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Published on Friday, January 25, 2008

MFS' roots in solicitors scandal

A report by Anthony Klan in The Australian says the failing MFS group - which is chaired by former Opposition leader Andrew Peacock - was created out of a Gold Coast law firm embroiled in the nationwide solicitors' mortgage broking scandal of the late 1990s.

MFS founders Michael King and Phil Adams, who have both resigned from the group in recent months, were partners with McLaughlins Solicitors until 2000 when they formed MFS from the finance arm of that law firm, following an industry-wide crackdown by the corporate regulator.

The revelations come as McLaughlins Solicitors managing partner Geoff Horne - a former close colleague of Mr King - said Mr King had a "very aggressive risk profile''.

McLaughlins Solicitors was one of a number of law firms which offered to invest clients' savings by on-lending them as high-risk loans to borrowers such as property developers, a practice which ultimately cost thousands of elderly Australians much of their life savings.

The failures of many of those loans - including some made by McLaughlins Solicitors - caused a public outcry in 1999 after media exposure of the problem, which in turn led to the crackdown by the Australian Securities and Investments Commission.

Shares in MFS crashed almost 70 per cent last week, wiping more than $1.5 billion from the company's market value. MFS suspended its shares from trading indefinitely on Wednesday amid a funding crisis.

Consumer advocate Denise Brailey said she had been so concerned about solicitors' loans that she conducted seminars in each capital city in 2000, calling for people who had lost money in the schemes.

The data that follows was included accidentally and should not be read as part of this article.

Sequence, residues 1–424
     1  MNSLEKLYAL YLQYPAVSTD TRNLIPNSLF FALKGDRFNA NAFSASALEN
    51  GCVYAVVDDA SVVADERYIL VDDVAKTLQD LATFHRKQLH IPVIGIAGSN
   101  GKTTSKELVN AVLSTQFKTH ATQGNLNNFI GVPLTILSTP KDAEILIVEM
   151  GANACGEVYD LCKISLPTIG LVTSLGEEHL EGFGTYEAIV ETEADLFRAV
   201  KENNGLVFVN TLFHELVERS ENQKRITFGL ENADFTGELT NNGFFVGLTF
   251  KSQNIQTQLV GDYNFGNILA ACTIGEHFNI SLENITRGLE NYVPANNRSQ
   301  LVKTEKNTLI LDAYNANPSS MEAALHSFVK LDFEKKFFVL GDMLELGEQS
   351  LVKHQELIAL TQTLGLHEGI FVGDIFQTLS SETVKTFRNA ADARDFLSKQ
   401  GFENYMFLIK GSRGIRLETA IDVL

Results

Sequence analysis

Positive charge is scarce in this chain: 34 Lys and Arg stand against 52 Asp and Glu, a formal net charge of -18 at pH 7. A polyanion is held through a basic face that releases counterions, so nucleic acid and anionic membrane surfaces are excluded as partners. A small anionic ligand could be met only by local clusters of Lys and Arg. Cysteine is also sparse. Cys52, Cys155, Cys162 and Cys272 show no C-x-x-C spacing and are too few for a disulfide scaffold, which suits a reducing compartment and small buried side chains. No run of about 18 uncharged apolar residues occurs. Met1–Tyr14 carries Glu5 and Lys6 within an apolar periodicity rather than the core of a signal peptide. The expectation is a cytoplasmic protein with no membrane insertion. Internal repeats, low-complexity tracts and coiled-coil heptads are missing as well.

Ms Brailey said clients of McLaughlins Solicitors were heavily represented at the Queensland seminars.

"Investments with McLaughlins Solicitors were the first ones mentioned almost every time,'' Ms Brailey said yesterday.

She said Gold Coast-based elderly investor Des Blandford was one of those investors who had invested in a failed McLaughlins mortgage loan.

"He was devastated and said he had no idea there was any risk involved,'' Ms Brailey said.

"Investors at the time were telling me they were having huge problems with McLaughlins, with people telling me their income payments had stopped and they couldn't recover their capital.''

MFS founder Mr King resigned as chief executive of MFS on Monday following the share price collapse. He did not return calls yesterday.

MFS chairman Mr Peacock, who pockets annual directors' fees from MFS of $250,000, also declined to comment.

McLaughlins Solicitors managing partner Mr Horne said he was not an  "equity partner'' at the time the law firm was investing clients' money and had no knowledge of people losing "large sums of money''.

"Of the loans that were written by McLaughlins, even the ones that ultimately turned into bad loans, there were very few instances where people didn't recover their principal,'' he said yesterday.

"Those loans were typically recognised as loans of last resort but in McLaughlins they were pretty well managed and there were certainly no issues that arose with this business as far as loans.''

Mr Horne said Mr King had no history of being involved in "bad business dealings'' at the firm but he said Mr King had a  "very aggressive risk profile''.

"To me the MFS thing is just typical big ego - trying to do too much too soon,'' Mr Horne said.

"Now there seems to be extra things coming out such as the claim the debt (MFS) owes is higher than reported.

"Michael is a very brilliant man but ... he certainly had a very different risk profile to myself and (fellow partner) Cameron Delahunty.''

It is understood Mr King and Mr Adams left McLaughlins on poor terms after refusing to make a requested payment to the law firm for what its partners saw as expenses they had incurred in building up the financial services arm.

MFS is currently trying to sell its Stella hospitality arm to private equity player CVC Asia Pacific to help it pay down $220 million of debt that is due immediately. The company also operates financial services under MFS Financial Services.

That arm derives the bulk of its money from managing syndicates which raise retail investor funds and invest in a range of property and tourism-related assets.

That retail investment arm continues to raise money from investors despite the crisis facing the MFS head stock.

ASIC declined to comment on MFS yesterday.

In a bizarre move, ASIC spokeswoman Emma Forehan also refused to comment on the broader laws surrounding struggling companies which continue raising money.

A Report by The Mole from The Australian 

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